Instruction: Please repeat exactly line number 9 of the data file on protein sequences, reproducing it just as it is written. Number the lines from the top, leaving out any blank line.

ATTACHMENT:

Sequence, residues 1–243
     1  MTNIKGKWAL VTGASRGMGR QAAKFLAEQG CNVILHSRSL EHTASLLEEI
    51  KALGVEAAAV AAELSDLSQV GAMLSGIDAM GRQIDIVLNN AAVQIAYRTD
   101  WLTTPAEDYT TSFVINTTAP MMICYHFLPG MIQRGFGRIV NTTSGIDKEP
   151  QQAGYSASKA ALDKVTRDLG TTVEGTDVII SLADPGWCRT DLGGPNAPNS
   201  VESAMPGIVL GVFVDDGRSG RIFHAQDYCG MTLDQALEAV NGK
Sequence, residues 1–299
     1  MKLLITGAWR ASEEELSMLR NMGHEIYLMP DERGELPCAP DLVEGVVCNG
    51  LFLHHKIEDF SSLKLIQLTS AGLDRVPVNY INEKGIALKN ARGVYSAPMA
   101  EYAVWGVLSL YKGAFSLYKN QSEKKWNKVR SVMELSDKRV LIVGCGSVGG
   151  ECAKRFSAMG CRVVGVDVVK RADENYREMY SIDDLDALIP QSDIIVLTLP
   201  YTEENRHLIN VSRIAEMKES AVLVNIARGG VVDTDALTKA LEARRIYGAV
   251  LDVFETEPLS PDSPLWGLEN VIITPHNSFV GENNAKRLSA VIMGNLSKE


    51  LFLHHKIEDF SSLKLIQLTS AGLDRVPVNY INEKGIALKN ARGVYSAPMA